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08/14/97 PEOPLE STATE ILLINOIS v. TRENT L. CHAPPLE

APPELLATE COURT OF ILLINOIS, FOURTH DISTRICT


August 14, 1997

THE PEOPLE OF THE STATE OF ILLINOIS, PLAINTIFF-APPELLEE,
v.
TRENT L. CHAPPLE, DEFENDANT-APPELLANT.

Appeal from Circuit Court of Macon County. No. 95CF24. Honorable James A. Hendrian, Judge Presiding.

Released for Publication September 12, 1997.

Honorable James A. Knecht, J., Honorable Robert J. Steigmann, P.j. - Concur, Honorable John T. McCullough, J. - Concur. Justice Knecht delivered the opinion of the court. Steigmann, P.j., and McCULLOUGH, J., concur.

The opinion of the court was delivered by: Knecht

The Honorable Justice KNECHT delivered the opinion of the court:

In January 1995, defendant Trent Chapple was charged with unlawful possession of more than 15 but less than 100 grams of a substance containing cocaine with the intent to deliver, a Class X felony (720 ILCS 570/401(a)(2)(A) (West 1994)), and the included offense of unlawful possession of a controlled substance, a Class 1 felony (720 ILCS 570/402(a) (West 1994)). Defendant was represented by private counsel and pleaded not guilty. At a pretrial hearing in May 1995, after being fully admonished by the court, defendant waived his right to a jury trial. 725 ILCS 5/103-6 (West 1994). In July 1995, however, defendant filed a motion to withdraw his jury waiver. Following argument by counsel, the trial court denied defendant's motion. The court conducted a bench trial in August 1995 and found defendant guilty of both offenses. In September 1995, the trial court vacated the judgment on possession and sentenced defendant to 15 years in prison on the conviction of possession with the intent to deliver. Defendant appeals, asserting (1) the trial court abused its discretion in denying his motion to withdraw jury waiver; (2) he was not proved guilty beyond a reasonable doubt of possession of cocaine with intent to deliver; (3) he was denied effective assistance of counsel; and (4) the trial court abused its discretion in sentencing by failing to consider the relative seriousness of the offense. We affirm.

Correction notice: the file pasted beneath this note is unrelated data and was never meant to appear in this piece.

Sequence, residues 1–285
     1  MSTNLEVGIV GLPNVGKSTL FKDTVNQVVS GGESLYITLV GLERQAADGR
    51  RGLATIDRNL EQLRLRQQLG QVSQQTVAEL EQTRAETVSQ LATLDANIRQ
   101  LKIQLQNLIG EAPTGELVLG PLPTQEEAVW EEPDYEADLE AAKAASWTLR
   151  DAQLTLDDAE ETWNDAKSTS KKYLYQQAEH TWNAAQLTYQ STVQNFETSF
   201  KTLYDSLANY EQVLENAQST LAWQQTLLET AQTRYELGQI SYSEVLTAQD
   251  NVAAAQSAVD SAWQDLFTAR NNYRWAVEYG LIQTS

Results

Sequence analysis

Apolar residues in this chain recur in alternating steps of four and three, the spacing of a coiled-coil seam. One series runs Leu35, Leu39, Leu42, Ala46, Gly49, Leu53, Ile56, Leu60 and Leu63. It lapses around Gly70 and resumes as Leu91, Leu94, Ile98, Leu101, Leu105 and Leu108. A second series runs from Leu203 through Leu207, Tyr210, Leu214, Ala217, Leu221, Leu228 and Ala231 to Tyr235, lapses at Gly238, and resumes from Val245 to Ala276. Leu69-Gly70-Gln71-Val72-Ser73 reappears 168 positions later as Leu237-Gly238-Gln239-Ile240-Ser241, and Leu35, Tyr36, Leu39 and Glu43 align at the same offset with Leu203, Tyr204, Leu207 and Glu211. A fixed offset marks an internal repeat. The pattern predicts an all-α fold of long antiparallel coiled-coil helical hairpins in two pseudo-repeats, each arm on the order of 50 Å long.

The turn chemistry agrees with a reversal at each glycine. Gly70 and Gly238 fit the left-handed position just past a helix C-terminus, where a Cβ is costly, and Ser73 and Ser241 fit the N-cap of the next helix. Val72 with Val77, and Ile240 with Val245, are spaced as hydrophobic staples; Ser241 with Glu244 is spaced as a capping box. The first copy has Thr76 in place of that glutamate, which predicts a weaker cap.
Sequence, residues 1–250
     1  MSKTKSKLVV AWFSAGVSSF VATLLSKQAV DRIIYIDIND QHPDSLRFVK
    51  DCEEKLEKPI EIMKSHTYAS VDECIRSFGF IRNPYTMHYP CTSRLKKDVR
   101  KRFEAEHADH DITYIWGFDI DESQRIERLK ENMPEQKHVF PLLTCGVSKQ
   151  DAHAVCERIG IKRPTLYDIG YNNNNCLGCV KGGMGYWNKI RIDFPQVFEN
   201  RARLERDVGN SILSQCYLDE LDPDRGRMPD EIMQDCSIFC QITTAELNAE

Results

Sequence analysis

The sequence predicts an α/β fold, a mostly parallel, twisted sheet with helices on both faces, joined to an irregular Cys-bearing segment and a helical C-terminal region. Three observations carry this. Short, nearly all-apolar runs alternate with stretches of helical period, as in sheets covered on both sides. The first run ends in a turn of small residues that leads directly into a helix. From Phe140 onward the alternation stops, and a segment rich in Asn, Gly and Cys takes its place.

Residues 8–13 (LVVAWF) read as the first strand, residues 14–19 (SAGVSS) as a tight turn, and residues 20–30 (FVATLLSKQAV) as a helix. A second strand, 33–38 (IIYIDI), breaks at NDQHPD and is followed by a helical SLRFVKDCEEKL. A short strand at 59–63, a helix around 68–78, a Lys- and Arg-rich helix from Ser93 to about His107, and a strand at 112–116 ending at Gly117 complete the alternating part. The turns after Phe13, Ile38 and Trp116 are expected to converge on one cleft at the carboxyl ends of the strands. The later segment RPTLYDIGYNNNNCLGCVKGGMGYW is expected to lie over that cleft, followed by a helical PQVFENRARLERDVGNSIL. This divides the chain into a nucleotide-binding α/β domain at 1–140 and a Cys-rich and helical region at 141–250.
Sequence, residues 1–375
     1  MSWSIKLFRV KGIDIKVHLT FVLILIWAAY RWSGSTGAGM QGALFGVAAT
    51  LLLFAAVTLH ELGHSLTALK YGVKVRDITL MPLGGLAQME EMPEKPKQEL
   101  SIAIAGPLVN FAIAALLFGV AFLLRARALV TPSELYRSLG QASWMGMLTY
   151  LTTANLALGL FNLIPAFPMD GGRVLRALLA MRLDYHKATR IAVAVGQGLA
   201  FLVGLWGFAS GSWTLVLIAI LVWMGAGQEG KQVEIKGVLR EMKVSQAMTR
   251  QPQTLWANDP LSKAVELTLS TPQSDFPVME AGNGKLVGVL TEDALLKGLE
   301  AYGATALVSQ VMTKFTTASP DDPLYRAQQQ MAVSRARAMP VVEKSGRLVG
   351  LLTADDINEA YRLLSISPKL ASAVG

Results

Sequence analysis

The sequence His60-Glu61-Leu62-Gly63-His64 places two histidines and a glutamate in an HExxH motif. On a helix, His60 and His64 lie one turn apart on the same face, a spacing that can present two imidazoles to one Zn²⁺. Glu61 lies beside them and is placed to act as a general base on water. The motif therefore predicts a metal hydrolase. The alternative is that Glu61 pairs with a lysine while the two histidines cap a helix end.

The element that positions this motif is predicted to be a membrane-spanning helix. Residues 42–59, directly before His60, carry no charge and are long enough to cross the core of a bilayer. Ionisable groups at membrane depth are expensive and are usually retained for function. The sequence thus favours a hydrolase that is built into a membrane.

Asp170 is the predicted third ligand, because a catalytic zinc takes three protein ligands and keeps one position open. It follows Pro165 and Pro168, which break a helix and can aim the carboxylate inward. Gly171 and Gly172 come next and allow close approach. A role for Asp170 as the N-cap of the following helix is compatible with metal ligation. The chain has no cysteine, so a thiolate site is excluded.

I. WITHDRAWAL OF JURY WAIVER

Defendant contends the trial court abused its discretion in denying his motion to withdraw the jury waiver. Withdrawal of a jury waiver is not a matter of right. People v. Closson, 13 Ill. App. 3d 878, 880, 301 N.E.2d 347, 348 (1973). Rather, whether a jury waiver, once knowingly and intelligently made, may be withdrawn is a matter within the discretion of the trial court, unless the circumstances indicate the defendant was unaware of the consequences of the waiver. People v. Hall, 114 Ill. 2d 376, 414, 499 N.E.2d 1335, 1351, 102 Ill. Dec. 322 (1986).

Defendant's motion stated "the reason for the waiver of jury trial was to avoid undue prosecution of [defendant's] wife and that is no longer possible." In his brief, defendant represents he negotiated a plea agreement through his attorney whereby, in return for defendant's jury waiver and a plea of guilty, the State would not prosecute his wife in an unrelated matter. At the motion hearing, defense counsel indicated prosecution of defendant's wife was no longer feasible and, due to this changed circumstance, defendant wished to reinstate his right to a jury trial.

In denying defendant's motion, the court noted when defendant waived his right to a jury trial, it was knowing and voluntary, the alleged plea agreement was not mentioned and defendant gave no indication the waiver was conditional. Nothing in the record suggests defendant was unaware of the consequences of his jury waiver and he does not argue as much.